I don’t remember which book or source I read this in this weekend, but it was relating to missionaries trying to sort out if the indigenous name of “God” that the people were relating to the God of the Bible was the same. I thought that it was worthwhile that they evaluated the personality and character of that God and also how and why the people were worshipping that God in the way that they were. In the end, it was decided that it was not an indigenous name for the God of the Bible because this god of the people as malevolent, angry and had to be appeased. He was not loving or showed any characteristics of mercy. This “God” had more of the characteristics of the fearful, controlling demons/spirits than of the creator and father God.

    • Joze

      This one is a tough one. I remember having to wrestle with this question with several work groups on whether or not to use “Allah” in translations for God among Muslim people groups. Some have argued that Allah is the proper name of a god who is malevolent, fickle and unjust (or insert other derogatory terms here). Others would say that’s just the referent for a deity and does not reflect on that deity’s character. This was the case where the indigenous name for God is more complex. Muslims are also divided on this issue as well. Muslim-background believers who think Allah is the proper name have opted for another term, like Joomiradho “one how is owner of everything” among Guinean Fulani. Other Muslim-background believers (MBB) who think Allah is just a referent to God would continue to use Allah, like MBBs in Malaysia or in the Middle East. They would distinguish themselves by saying that they are “Followers of Isa al-Masih” instead of “Followers of Prophet Mohammed.”

      For me, Allah is not a proper noun, but a referent to the One Creator God. I think it’s acceptable to use any referent for God, as Kikawa-sensei’s article says, in order to use it as a bridge to be able to more fully flesh out the identity, values and mission of the God as described in the Hebrew Bible and the New Testament Gospels and Letters.

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    Joze (Week 7) Reflections


    In a previous entry, I noted that I’ve organized the huge topic of “contextualization” into 3 distinct areas: contextualization of the messenger (to facilitate bridge-building and acceptance into an established group), contextualization of the message (to facilitate clear and comprehensible communication of the Good News that Jesus is King), and contextualization of the believing community (to facilitate culturally acceptable practices that would allow the community to remember their identity, values and vocation).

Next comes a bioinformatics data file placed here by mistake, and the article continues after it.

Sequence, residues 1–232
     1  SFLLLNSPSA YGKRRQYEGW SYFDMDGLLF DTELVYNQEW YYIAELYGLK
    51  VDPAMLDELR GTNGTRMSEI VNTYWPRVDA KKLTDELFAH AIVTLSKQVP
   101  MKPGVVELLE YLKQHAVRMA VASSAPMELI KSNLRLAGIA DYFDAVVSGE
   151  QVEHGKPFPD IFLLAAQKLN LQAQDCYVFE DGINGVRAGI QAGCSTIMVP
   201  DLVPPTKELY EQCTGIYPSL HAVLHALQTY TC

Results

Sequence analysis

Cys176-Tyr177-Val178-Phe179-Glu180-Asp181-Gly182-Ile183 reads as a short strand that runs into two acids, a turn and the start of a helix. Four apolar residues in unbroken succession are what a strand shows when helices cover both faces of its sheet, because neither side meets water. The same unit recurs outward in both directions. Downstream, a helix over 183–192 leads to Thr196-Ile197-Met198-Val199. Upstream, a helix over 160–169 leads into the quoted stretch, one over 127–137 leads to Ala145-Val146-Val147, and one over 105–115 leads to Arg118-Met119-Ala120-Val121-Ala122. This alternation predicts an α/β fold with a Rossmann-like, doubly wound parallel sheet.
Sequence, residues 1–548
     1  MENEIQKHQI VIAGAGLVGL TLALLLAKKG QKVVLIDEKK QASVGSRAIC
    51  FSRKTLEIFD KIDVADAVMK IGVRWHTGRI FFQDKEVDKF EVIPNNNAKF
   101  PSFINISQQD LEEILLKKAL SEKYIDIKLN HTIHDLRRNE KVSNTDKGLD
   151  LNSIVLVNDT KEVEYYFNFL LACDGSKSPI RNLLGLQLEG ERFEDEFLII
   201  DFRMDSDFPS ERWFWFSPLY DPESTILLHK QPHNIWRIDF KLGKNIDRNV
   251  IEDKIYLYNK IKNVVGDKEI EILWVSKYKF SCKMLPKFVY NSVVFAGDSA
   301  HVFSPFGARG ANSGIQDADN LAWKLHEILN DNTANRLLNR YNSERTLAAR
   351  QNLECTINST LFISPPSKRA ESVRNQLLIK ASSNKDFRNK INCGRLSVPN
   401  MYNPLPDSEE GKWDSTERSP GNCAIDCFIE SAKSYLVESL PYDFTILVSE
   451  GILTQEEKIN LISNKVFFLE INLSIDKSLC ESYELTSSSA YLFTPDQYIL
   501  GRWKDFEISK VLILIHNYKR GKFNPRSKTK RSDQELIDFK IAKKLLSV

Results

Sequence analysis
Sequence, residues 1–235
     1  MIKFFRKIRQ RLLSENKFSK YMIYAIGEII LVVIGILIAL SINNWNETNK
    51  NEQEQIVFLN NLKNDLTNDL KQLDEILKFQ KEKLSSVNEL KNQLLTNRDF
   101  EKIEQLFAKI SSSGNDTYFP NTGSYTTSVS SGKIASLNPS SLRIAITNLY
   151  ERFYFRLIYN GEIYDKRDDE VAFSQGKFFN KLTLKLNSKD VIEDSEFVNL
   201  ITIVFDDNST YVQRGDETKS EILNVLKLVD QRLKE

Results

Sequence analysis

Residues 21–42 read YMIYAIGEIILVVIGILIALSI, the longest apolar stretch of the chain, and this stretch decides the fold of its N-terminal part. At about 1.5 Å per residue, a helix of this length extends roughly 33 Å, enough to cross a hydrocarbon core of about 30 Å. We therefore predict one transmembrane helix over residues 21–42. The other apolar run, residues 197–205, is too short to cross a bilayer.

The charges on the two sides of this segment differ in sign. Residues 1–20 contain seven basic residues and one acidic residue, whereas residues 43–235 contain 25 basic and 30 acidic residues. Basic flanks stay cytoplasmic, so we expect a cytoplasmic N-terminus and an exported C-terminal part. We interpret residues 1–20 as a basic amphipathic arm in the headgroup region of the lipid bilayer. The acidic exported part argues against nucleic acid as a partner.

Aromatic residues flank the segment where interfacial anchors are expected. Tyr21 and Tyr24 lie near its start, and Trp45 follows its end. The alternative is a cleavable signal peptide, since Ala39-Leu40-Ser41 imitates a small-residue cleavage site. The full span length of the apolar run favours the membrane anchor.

This week I was challenged by the “Reflections on Churchless Christianity” article on the contextualization of the believing community. While I agree with most of what the article says; however, I wondered if it would be good to teach and discuss (with the culture) the importance of rituals. Perhaps in our North American worldview, we’ve gotten used to the “grace alone, Scripture alone, faith alone, etc. alone” mottos of the Reformation that we’ve taken for granted the effects and importance of rites and rituals in the liturgy and practices of the Hebrew Bible and of the Early Church. I think it would be good to be reflect on how rituals are not “works righteousness” but a means to reflect on the identity (who they are), values (how they are meant to be) and vocation (what they are meant to do) collectively as a “people of God.” Rituals were a means to pass down from one generation to another what was important as followers of YHWH and as followers of Jesus.

    Once there has been a discussion on the importance of rituals in the Jewish practice and in the Early Jew-Gentile Church, then it would be the time for the indigenous church to reflect on what rituals and cultural practices to continue practising that would allow them, as a newly formed people of God, to remember their identity, values and vocation as followers of Jesus.

    I think this might be a better mindset for us as outsiders and for indigenous followers as insiders of the culture because if we take, for example, the 3 advice of the sannyasi, while faith spreads more rapidly I wonder if it loses some essential aspects of what it means to be the Church (not lower case “c” church) as a community of followers of Jesus. How do the sannyasi principles remind them of their identity, values and vocation? Again, they would be able to discern whether or not these 3 principles do indeed successfully answer this question.

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    Patrick - assemblies of God in Canada: so few!


    I was curious after looking up a bit about your denomination during our call why I wasn’t very familiar with it. I was so surprised by how few there are in Canada! And only in BC (all Vancouver area), Quebec and Ontario!

    If you are at all interested